Deliberative democracy is a way of including citizens in policy debates. Methods include citizen juries, deliberative polling and consensus conferences. These are often termed “mini-publics”.
Research by Alaistair Stark, N. K. Thompson and Greg Marston shows deliberation can change participants’ opinions when it comes to public policy. Citizens who participate in mini-publics often listen to the arguments of others and form different views.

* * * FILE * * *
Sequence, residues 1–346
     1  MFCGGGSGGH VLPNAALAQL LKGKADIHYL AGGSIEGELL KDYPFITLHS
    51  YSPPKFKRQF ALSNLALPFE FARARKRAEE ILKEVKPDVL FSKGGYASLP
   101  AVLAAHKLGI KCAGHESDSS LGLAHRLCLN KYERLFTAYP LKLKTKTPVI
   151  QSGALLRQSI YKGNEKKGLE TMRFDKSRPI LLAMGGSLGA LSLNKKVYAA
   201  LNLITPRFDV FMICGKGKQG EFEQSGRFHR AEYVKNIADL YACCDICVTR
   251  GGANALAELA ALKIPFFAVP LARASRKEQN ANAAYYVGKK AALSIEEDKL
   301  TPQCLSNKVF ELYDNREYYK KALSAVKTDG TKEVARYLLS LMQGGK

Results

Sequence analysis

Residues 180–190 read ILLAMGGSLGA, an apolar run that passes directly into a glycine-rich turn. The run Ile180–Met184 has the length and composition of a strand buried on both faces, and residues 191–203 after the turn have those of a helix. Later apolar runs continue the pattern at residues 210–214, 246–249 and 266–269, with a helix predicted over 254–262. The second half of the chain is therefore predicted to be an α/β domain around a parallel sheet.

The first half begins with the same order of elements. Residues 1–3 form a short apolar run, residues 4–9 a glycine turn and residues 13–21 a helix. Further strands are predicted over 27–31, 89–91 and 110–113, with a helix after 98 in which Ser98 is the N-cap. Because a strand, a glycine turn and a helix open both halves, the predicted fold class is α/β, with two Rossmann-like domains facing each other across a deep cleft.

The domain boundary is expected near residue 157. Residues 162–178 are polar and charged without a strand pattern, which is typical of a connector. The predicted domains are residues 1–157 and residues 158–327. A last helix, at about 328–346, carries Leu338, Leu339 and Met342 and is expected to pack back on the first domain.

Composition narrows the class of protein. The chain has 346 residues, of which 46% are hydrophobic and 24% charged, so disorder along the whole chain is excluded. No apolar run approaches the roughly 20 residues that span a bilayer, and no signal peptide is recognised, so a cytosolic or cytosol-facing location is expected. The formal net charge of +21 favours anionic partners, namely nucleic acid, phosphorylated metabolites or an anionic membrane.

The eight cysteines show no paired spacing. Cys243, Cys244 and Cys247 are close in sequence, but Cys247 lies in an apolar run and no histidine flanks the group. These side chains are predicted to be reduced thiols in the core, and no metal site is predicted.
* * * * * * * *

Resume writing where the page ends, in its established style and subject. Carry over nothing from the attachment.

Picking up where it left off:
The existence of preference transformation casts doubt on the evidence from snapshot consultation tools such as surveys. Exposure to expert information from different perspectives and a process of listening to others talk policy led to people who supported a proposal rejecting it completely and it also encouraged changes in opinion about specific aspects of policy.
The research also shows policymakers are reluctant to share their authority with citizens. This means deliberative mechanisms often produce robust decisions which are ignored by the people who implement them.